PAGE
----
131340 11/23/2007 14:40 07CHISINAU1384 Embassy Chisinau UNCLASSIFIED//FOR OFFICIAL USE ONLY VZCZCXYZ0009 RR RUEHWEB DE RUEHCH #1384/01 3271440 ZNR UUUUU ZZH R 231440Z NOV 07 FM AMEMBASSY CHISINAU TO RUEHC/SECSTATE WASHDC 5938 INFO RUEHBM/AMEMBASSY BUCHAREST 4241 UNCLAS CHISINAU 001384
STATE FOR EUR/UMB AND EEB/TPP/ABT/ATP STATE PASS USTR
E.O. 12958: N/A TAGS: ECON, ETRD, WTO, PGOV, PREL, MD SUBJECT: NEW MOLDOVAN REGULATION TO IMPEDE TRADE
SENSITIVE BUT UNCLASSIFIED; PLEASE PROTECT ACCORDINGLY
1. (SBU) SUMMARY: Side-stepping Parliament and filters intended to give the business community a voice in new regulations effecting them, the Government of Moldova (GOM) adopted a decision requiring a state commercial stamp on all containers of non-alcoholic beverages sold in Moldova. Ostensibly a consumer-safety and quality-control measure, we doubt that imported soft drinks from the EU pose a threat to Moldovan consumers. While the GOM lauds efforts to harmonize its legislation with the EU, the adoption of this quasi-fiscal measure raises questions about the GOM's true intentions. Multiplied by the hundreds of millions of bottles and cans imported into Moldova annually, the sale of stamps will be very lucrative for the GOM. END SUMMARY.
BACKGROUND ON DECISION 934
2. (SBU) On August 15, the GOM adopted government decision 934, creating a "State Registry for mineral, natural and potable water and non-alcoholic bottled beverages." The decision was subsequently published in the GOM's Official Monitor on August 24. Media reports note that this decision is based on a similar law in Belarus, the only country in the CIS to have such a measure. The decision establishes sanitary norms for mineral, natural and potable water; sets regulations on the quality, labeling and marketing of soft-drinks; and requires a state commercial stamp for all bottled non-alcoholic beverages sold in Moldova. The stamps will be produced by the Ministry of Information Development and sold by the State Tax Inspectorate.
3. (SBU) The measure enters into force on January 1, 2008, although the publication of the implementing regulation, which was due October 1, has been delayed. A stamp will cost 20 bani (about 1.8 U.S. cents), which is the same as the cost of state commercial stamps for wine. Multiplied by the hundreds of millions of bottles of non-alcoholic beverages imported annually into Moldova, the sale of stamps becomes very lucrative, albeit at the expense of consumers.
INTERNATIONAL AND BUSINESS PRESSURE MOUNTS...
3. (SBU) On October 4, we sent a letter to Prime Minister Tarlev, noting our concerns about the decision as it relates to Moldova's WTO obligations. We expressed our concern that the measure created an unnecessary obstacle to international trade. On October 5, the EU raised the issue with the GOM during the meeting of the MD-EU Cooperation Council's Sub-Committee on Trade and Investment in Chisinau. Following the meeting, the GOM promised to send an official notification to the WTO.
4. (SBU) On November 6, Econoff met with representatives from Coca-Cola Romania, which covers Moldova. Post also received letters from the Romanian National Soft Drinks Association (ANBR) and the Romanian Mineral Water Employers Association (APEMIN), noting their concerns about this non-trade barrier. On November 15, we received a letter from Prime Minister Tarlev, assuring us of equal treatment for domestic producers and imported products, and promising WTO notification. Tarlev said that Moldovan non-alcoholic beverages would also require the stamp; thus the GOM would not treat foreign beverages differently than it treated those bottled in Moldova.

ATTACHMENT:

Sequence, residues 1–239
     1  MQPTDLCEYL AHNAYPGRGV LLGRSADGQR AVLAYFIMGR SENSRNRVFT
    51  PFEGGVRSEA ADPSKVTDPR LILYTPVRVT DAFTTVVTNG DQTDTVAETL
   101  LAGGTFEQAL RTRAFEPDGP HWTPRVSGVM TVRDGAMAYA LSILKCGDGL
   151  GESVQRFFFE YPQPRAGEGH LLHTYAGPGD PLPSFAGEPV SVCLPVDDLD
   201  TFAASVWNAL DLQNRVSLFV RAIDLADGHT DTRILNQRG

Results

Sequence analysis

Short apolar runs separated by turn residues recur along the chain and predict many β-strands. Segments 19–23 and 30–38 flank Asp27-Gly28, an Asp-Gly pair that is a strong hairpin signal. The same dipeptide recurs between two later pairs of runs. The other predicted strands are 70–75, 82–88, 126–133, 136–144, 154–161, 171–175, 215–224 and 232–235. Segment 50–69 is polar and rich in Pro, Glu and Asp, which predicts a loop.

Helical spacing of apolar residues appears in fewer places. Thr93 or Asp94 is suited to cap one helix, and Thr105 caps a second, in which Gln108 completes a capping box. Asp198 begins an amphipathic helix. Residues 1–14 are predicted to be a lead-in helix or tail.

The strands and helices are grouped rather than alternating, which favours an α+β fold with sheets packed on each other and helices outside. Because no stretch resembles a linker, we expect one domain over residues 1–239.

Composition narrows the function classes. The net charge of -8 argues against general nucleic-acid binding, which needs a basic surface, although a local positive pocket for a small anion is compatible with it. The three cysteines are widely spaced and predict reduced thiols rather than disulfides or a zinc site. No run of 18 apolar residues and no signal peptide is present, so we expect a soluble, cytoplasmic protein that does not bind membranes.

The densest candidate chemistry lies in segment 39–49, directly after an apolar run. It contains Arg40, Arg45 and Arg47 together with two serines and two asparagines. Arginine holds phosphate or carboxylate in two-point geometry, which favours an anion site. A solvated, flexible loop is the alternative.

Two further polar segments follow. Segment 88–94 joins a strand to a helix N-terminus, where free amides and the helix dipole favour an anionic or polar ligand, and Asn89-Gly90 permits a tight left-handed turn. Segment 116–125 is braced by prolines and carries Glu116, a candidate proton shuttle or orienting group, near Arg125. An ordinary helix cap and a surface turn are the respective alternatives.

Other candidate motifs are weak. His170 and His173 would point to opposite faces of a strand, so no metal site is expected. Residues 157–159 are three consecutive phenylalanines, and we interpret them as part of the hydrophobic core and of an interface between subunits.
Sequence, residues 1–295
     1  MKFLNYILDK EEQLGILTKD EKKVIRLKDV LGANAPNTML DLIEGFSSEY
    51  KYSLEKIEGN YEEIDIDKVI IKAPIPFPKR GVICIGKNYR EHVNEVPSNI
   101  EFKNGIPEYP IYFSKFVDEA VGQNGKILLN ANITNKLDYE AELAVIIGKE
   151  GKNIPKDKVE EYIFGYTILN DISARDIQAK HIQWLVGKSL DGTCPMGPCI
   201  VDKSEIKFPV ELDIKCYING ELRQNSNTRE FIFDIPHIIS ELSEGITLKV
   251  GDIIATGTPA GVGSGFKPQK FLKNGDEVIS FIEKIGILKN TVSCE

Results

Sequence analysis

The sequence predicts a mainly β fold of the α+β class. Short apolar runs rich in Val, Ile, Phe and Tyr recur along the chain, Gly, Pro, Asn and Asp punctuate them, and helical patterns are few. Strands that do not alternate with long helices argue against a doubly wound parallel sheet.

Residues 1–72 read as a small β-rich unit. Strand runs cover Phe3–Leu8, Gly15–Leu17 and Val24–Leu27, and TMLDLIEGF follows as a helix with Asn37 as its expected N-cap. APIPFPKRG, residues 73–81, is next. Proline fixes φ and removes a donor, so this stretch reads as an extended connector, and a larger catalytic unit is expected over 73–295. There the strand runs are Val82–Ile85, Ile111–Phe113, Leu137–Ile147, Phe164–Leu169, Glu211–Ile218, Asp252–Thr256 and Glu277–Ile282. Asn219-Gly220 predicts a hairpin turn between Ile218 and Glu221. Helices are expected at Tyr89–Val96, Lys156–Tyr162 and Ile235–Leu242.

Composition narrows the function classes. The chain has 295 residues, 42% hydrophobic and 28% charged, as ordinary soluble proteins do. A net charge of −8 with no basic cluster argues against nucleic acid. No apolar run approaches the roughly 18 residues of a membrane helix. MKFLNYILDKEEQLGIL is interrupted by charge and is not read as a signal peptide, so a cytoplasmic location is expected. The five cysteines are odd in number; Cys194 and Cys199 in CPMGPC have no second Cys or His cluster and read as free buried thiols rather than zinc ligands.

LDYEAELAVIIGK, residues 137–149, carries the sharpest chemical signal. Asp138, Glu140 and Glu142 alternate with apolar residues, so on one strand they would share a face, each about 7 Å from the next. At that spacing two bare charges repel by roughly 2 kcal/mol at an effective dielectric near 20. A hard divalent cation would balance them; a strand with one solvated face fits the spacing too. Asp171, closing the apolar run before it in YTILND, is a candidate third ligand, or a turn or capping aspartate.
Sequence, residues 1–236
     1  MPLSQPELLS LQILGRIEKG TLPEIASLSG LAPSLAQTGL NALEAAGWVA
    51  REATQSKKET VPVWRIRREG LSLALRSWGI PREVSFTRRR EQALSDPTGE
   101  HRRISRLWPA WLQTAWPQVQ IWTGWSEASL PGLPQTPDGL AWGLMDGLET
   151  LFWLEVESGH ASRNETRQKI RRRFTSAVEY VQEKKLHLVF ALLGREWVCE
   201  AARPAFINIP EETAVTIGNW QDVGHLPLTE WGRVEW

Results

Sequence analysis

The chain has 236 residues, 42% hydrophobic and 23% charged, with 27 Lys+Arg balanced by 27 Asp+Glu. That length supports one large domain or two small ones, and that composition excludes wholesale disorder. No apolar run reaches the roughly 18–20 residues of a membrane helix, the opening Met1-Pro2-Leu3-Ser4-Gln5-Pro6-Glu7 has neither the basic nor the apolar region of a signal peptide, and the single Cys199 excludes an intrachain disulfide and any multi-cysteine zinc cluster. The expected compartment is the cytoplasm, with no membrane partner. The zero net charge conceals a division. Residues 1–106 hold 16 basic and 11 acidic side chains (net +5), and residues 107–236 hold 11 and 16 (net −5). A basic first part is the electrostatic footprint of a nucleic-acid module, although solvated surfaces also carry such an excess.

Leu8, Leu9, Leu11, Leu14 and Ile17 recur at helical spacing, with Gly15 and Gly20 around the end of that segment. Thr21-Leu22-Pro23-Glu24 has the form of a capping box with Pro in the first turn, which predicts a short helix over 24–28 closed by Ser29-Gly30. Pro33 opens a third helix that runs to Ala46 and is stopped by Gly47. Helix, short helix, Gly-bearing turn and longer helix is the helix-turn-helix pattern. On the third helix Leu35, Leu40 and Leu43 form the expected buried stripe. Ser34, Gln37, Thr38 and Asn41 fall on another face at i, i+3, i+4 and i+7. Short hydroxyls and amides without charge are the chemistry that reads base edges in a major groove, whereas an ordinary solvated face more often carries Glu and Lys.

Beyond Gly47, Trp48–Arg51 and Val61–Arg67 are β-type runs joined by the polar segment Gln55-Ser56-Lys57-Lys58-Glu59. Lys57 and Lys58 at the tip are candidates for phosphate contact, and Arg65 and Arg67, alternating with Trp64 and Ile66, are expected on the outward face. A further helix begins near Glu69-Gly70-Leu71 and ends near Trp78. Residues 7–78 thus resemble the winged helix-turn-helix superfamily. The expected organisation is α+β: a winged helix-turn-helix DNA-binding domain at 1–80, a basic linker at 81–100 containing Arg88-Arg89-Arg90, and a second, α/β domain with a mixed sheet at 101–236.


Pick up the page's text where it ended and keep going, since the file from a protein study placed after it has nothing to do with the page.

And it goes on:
...CAUSING GOM TO DELAY IMPLEMENTATION
5. (SBU) On November 16, Econoff met Octavian Calmac, Director General of Trade of the Ministry of Economy, noting U.S. and industry concerns about the measure. Calmac said the GOM had prepared the WTO notifications, which would be filed the week of November 19 by the Moldovan Embassy in Geneva. In addition to the U.S., he noted mounting pressure from the EU and foreign and domestic producers. Calmac acknowledged that the pressure had caused a delay in finalizing the implementing regulations stipulated by the government decision.
6. (SBU) Calmac said the GOM was awaiting comments and questions from trading partners and a final determination from the WTO before moving forward. He noted that internal pressure was also building and that Speaker of Parliament Marian Lupu, responding to industry pressure, had recently asked the Executive to re-evaluate the measure. Calmac asked Econoff to contact the Ministry of Health and deliver similar points regarding our concerns about trade barriers. He said this would help better inform the GOM's internal debate.
7. (SBU) Responding to international and industry pressure, the GOM has delayed development of the implementing regulations for this unhelpful decision pending a WTO determination. Sources note that the Minister of Economy is trying to broker a solution. However, the involvement of the Minister of Information Development indicates the interest of the Executive in this measure. Quality-control measures for water products are necessary in Moldova, because of the high levels of ground-water contamination. However, this measure appears to be more about generating revenue than protecting consumers. It may actually harm rural populations, which need access to safe bottled water, by increasing prices and reducing competition in the market. It will also alienate much-needed foreign investors.